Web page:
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Latitude: 52.5344 / 52°32'3"N
Longitude: 1.1638 / 1°9'49"E
OS Eastings: 614675
OS Northings: 297651
OS Grid: TM146976
Mapcode National: GBR VHF.12Q
Mapcode Global: VHL8H.4K3H
Entry Name: Ashwellthorpe War Memorial
Listing Date: 23 February 2017
Source: Historic England
Source ID: 1442290
Location: Ashwellthorpe and Fundenhall, South Norfolk, Norfolk, NR16
District: South Norfolk
Civil Parish: Ashwellthorpe and Fundenhall
Built-Up Area: Ashwellthorpe
Traditional County: Norfolk
Lieutenancy Area (Ceremonial County): Norfolk
First World War memorial, c.1920, with Second World War additions.
Ashwellthorpe war memorial is located on a village green adjacent to All Saint’s churchyard. It is prominently situated near the entrance to the churchyard on a spacious green. The memorial comprises an elegant Cross of Sacrifice style head on an octagonal shaft with moulded lower section, atop an octagonal plinth also with moulded lower section and bearing inscriptions, beneath which is a two-stepped square base. The whole is surrounded by a paved area enclosed by a set of low posts with chains.
The octagonal plinth has lettering in carved relief around the top, with the dedication to the First World War. Below this are the names, incised, on three of the faces and are infilled in black.
The inscription reads (in relief around the top of the plinth): IN MEMORY/ OF THE/ ASHWELL/ THORPE/ MEN WHO FELL/ IN THE WAR/ 1914 – 1919 and on one face: (five First World War names, B-G), on another: (five First World War names, G-T), and on a third face: (two Second World War names, B-G).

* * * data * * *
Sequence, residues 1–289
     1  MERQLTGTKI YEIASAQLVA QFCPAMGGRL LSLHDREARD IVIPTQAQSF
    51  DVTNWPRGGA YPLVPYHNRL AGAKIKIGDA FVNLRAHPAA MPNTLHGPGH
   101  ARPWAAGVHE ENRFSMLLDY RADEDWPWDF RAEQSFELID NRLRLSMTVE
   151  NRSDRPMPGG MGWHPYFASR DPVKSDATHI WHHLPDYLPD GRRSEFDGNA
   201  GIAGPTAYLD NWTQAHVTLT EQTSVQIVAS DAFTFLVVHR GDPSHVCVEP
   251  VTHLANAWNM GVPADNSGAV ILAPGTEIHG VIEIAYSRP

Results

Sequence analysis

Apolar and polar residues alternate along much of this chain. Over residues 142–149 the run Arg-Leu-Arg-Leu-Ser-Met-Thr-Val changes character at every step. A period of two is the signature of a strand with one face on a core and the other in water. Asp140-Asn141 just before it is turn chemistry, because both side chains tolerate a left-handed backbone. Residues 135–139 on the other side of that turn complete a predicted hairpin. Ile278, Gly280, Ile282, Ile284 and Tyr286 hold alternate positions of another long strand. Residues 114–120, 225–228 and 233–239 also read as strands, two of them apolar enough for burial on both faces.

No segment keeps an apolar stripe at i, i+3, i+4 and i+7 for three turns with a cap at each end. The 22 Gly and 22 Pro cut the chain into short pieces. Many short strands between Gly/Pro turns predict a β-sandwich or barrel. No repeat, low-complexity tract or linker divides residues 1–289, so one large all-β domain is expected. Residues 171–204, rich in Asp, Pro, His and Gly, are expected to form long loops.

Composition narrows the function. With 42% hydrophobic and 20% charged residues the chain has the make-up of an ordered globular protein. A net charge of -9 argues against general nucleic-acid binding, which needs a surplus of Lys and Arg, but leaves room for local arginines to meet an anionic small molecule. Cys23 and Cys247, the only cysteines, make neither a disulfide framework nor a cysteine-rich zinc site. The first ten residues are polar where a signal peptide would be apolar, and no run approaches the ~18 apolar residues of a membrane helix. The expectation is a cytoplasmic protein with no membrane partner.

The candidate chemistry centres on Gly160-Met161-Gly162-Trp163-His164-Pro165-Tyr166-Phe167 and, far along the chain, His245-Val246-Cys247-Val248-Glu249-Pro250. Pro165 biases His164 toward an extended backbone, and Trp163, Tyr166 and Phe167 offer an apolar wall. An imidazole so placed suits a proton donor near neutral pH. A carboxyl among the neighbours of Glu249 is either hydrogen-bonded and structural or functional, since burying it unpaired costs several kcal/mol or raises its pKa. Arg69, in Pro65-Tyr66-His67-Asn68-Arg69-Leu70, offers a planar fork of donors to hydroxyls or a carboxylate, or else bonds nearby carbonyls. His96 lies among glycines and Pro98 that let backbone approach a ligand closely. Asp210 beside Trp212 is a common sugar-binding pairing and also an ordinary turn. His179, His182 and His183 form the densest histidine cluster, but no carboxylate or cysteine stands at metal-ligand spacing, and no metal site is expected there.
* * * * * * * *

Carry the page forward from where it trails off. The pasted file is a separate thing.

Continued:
This List entry has been amended to add the source for War Memorials Register. This source was not used in the compilation of this List entry but is added here as a guide for further reading, 16 June 2017.
The aftermath of the First World War saw the biggest single wave of public commemoration ever with tens of thousands of memorials erected across England, both as a result of the huge impact the loss of three quarters of a million British lives had on communities and the official policy of not repatriating the dead, which meant that the memorials provided the main focus of the grief felt at this great loss.
One such war memorial was raised at Ashwellthorpe as a permanent testament to the sacrifice made by members of the local community who lost their lives in the First World War.
Ashwellthorpe memorial, like many Norfolk war memorials, takes the form of a cross and is located near to the parish church. The memorial was presumably erected, c.1920. The memorial commemorates ten local servicemen who fell in the First World War and two who fell in the Second World War. When it was commissioned, it was decided to locate the memorial on the green adjacent to the entrance to the churchyard. It appears to be little altered from its original state, excepting the addition of Second World War names.
Ashwellthorpe War Memorial, which is situated in All Saints’ Churchyard, is listed at Grade II for the following principal reasons:
* Historic interest: as an eloquent witness to the tragic impact of world events on the local community, and the sacrifice it made in the conflicts of the C20;
* Design: an elegant, well-executed design resembling a Cross of Sacrifice;
* Group value: with the Church of All Saints (Grade I), Church Farmhouse (Grade II) and Hall Farmhouse (Grade II).
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